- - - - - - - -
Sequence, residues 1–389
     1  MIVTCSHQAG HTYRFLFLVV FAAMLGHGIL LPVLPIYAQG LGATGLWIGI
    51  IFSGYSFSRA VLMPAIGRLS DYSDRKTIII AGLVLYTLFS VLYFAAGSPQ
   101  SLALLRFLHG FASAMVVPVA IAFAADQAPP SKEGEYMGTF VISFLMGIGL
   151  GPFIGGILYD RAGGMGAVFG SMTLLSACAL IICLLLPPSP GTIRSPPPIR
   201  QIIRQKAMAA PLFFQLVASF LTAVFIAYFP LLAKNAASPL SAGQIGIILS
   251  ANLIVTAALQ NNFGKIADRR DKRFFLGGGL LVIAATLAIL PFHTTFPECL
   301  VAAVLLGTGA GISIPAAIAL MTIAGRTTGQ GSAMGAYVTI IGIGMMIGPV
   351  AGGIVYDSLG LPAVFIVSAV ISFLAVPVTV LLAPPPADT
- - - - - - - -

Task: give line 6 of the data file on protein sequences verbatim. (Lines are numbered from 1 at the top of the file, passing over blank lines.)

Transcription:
   201  QIIRQKAMAA PLFFQLVASF LTAVFIAYFP LLAKNAASPL SAGQIGIILS